Support legs 10 are provided with an in-line hinge 42 such as that shown in FIG. 5. A sliding sleeve 44 is positioned over in-line hinge 42 to maintain the alignment of support legs 10 when in the extended position. A pin or stop-lug 46 retains the position of sliding sleeve 44 when support legs 10 are extended. Sliding sleeve 44 is stored on the side of the hinge towards upper A-bracket 34 when not in use. A spring catch 48 is attached to carrying yoke 12 or to a thwart as shown in FIG. 3 to engage support legs 10 when retracted.
The operation of this embodiment is identical to the preferred embodiment except for the method of extending or retracting support legs 10. In this embodiment support legs 10 are held in the extended position by sliding sleeve 44. When the portaging position shown in FIG. 2a is achieved, the canoeist slides sliding sleeve 44 away from the hinge in order to pivot support legs 10 rearward while simultaneously rotating them inward to engage hook 34 with belt 30 and eyes 32 as shown in FIG. 2b. If the canoeist wishes to fully retract support legs 10 they may be held in place by engaging with spring catch 48 shown in FIG. 3
In another embodiment a single support leg 10 is attached at a similar point forward of the center seat or carrying yoke 12 but at the center line of the boat or canoe. As shown in FIG. 1b support leg 10 is mounted at the bow of a dinghy to achieve a desirable elevation for a person to lift under the center seat.
In this embodiment the combination of a single support leg 10 with a square-sterned boat or dinghy provides the equivalent of a stable, three-point contact with the ground. This embodiment when used with a canoe is useful primarily to aid in raising the canoe to a portage position. In this embodiment the canoeist is required to maintain a hold on the canoe to balance it while moving from the bow to a position under the portaging yoke. This balance may be further assisted by leaning the raised canoe against a tall object such as a tree.
As can be seen from the foregoing there are nearly limitless combinations of hinging and pivoting devices, attachment devices and structural materials which achieve the principles and methods described herein for moving support legs 10 between the extended and retracted positions. Adjustable lengths of cross pieces 22 and of support legs 10 as shown in FIG. 3 may be achieved by conventional methods of sliding grooves, bolts and wing-nuts, threaded extendors, or by any of the currently available snap-stop or telescoping, twist-and-tighten methods conventionally used today for tripod legs, boat-hooks, and extension handles for cleaning tools.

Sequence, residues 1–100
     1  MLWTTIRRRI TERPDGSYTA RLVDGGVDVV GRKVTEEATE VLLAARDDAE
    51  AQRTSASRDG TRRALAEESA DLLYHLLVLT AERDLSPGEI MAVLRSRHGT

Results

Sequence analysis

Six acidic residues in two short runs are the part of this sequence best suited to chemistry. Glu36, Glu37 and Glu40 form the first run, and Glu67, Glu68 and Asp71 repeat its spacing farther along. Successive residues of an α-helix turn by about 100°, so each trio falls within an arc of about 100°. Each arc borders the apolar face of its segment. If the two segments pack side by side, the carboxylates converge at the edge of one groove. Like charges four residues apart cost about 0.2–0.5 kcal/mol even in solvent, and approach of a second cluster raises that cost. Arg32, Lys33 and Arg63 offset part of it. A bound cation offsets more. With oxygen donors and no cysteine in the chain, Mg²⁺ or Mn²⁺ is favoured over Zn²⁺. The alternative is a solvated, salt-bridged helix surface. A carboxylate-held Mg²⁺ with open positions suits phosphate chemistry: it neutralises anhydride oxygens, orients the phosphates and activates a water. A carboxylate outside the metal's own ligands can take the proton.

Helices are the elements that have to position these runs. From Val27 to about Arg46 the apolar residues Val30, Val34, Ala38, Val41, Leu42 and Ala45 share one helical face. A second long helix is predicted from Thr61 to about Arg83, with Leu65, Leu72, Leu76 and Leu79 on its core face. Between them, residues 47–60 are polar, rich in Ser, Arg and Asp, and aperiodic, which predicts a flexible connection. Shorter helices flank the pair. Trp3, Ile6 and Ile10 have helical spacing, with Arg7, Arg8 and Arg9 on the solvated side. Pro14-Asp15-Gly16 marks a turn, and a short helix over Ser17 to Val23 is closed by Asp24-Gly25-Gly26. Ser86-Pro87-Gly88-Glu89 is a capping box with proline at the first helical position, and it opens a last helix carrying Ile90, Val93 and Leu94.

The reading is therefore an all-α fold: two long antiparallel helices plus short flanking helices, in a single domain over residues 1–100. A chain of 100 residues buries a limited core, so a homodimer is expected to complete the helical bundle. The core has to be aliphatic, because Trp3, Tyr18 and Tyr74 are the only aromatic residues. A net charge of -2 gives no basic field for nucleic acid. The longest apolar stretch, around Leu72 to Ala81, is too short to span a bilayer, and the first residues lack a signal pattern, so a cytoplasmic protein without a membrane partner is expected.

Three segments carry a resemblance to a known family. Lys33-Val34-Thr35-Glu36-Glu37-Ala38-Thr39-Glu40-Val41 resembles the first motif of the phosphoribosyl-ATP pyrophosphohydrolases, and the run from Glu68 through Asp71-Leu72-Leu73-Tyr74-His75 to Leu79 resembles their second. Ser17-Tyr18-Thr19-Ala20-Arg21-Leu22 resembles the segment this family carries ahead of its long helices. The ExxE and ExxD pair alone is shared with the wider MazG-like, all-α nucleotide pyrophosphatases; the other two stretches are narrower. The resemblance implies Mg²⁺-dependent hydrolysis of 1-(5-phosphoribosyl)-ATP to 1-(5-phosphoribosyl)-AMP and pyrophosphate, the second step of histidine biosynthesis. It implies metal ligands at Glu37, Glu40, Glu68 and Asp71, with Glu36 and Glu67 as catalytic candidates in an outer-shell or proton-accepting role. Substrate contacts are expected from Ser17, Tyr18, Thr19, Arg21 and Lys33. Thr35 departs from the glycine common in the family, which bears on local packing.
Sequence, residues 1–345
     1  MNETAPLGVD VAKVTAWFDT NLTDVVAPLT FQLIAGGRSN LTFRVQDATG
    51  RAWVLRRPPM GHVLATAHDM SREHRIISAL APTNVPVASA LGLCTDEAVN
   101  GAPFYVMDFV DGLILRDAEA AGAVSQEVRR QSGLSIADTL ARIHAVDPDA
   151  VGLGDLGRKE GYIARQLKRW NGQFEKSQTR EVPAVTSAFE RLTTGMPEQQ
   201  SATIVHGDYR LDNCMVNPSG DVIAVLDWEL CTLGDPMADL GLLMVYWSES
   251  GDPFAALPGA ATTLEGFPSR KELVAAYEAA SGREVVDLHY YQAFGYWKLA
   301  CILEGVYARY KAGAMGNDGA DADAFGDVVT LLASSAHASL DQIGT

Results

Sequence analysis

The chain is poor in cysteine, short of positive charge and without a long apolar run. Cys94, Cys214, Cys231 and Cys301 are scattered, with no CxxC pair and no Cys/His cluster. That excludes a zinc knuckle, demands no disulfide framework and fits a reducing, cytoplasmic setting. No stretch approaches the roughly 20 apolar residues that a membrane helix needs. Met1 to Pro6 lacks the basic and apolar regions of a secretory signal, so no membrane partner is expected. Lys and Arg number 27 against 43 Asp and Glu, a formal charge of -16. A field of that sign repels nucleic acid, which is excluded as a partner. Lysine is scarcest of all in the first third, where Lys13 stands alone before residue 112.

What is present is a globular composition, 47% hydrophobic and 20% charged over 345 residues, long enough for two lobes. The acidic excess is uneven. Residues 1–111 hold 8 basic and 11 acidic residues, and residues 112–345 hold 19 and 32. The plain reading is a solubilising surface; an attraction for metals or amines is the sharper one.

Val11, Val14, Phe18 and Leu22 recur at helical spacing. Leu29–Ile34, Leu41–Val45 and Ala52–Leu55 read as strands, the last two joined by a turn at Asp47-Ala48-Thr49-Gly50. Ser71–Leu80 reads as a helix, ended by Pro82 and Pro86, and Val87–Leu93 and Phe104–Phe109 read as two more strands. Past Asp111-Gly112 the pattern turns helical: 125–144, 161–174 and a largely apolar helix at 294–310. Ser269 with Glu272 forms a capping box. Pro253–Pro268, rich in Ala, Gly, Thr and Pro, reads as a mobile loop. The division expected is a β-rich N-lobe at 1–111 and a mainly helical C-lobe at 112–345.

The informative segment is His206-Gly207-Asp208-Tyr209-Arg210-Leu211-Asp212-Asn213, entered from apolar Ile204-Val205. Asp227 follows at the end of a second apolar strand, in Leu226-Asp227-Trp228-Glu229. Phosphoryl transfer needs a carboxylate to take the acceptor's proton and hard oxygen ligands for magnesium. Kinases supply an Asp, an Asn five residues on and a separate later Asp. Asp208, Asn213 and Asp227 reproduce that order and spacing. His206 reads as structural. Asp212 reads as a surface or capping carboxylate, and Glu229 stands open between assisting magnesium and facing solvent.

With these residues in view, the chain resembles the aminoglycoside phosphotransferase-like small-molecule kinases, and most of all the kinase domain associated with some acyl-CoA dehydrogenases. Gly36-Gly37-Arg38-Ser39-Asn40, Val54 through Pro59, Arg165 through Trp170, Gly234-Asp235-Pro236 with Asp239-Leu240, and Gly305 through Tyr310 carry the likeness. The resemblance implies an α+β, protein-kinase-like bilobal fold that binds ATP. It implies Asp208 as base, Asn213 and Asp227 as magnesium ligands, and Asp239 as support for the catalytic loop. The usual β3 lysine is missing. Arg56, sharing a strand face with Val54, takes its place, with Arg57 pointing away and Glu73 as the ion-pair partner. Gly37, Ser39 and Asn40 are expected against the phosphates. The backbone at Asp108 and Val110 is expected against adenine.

A strap-hinge 26 with locking mechanisms could directly connect support legs 10 with the gunwales of a canoe or to a block mounted on the inner canoe wall as shown in FIG. 2a.
A block-like socket 50 as shown in FIG. 6 may be constructed as part of, or as a separate piece, be attached to a cross-member 52 which in turn clamps on to the canoe gunwales.
An additional set of support legs 10 may be added at the opposite end of a canoe to provide a level storage position or to provide a support frame for a larger sheltering device when used with a tarpaulin.
When slide-in fittings such as upper A-bracket 36 and lower A-bracket 38 (FIG. 5) or socket 50 (FIG. 6) are utilized in a double set, shorter legs may be substituted so that the inverted canoe will serve as a campsite table or work counter.
As shown in FIG. 7, a set of slotted devices or block-mounted straps 54 shaped to retain the blade of a canoe paddle may be mounted in a manner similar to pivot plate 14 allowing handle shafts of paddles to support the canoe in place of support legs 10. Where the curvature of a conventional paddle blade requires, a tightening wedge 56 and tether 58 are inserted in upper block-mounted strap 54 to maintain stability.
Although the description above contains many specificities, these should not be construed as limiting the scope of the invention but as merely providing illustrations of some of the presently preferred embodiments of this invention. Various other embodiments and ramifications are possible within it's scope. For example, the canoe paddle combination shown in FIG. 7 may be mounted with or without a pivoting device. Thus the scope of the invention should be determined by the appended claims and their legal equivalents, rather than by the examples given.
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|Citing Patent||Filing date||Publication date||Applicant||Title|
|US5875946 *||Aug 13, 1997||Mar 2, 1999||Knudsen; Eric H.||Portage system for light watercraft|
|US8479959 *||Oct 1, 2008||Jul 9, 2013||Brian David Evans||Device for lifting, supporting, transporting and unloading a kayak or canoe|
|US9254901 *||Sep 11, 2014||Feb 9, 2016||Scott Gill||Personal boat carrying apparatus|
|US20090126620 *||Oct 1, 2008||May 21, 2009||Brian David Evans||Device for lifting, supporting, transporting and unloading a kayak or canoe|
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|U.S. Classification||114/343, 114/347, 114/364, 224/266|
|International Classification||B63B35/71, B63C13/00|
|Cooperative Classification||B63B35/71, B63C13/00|
|European Classification||B63C13/00, B63B35/71|
|May 25, 2000||FPAY||Fee payment|
Year of fee payment: 4
|May 26, 2004||FPAY||Fee payment|
Year of fee payment: 8
|Jun 2, 2008||REMI||Maintenance fee reminder mailed|
|Nov 26, 2008||LAPS||Lapse for failure to pay maintenance fees|
|Jan 13, 2009||FP||Expired due to failure to pay maintenance fee|
Effective date: 20081126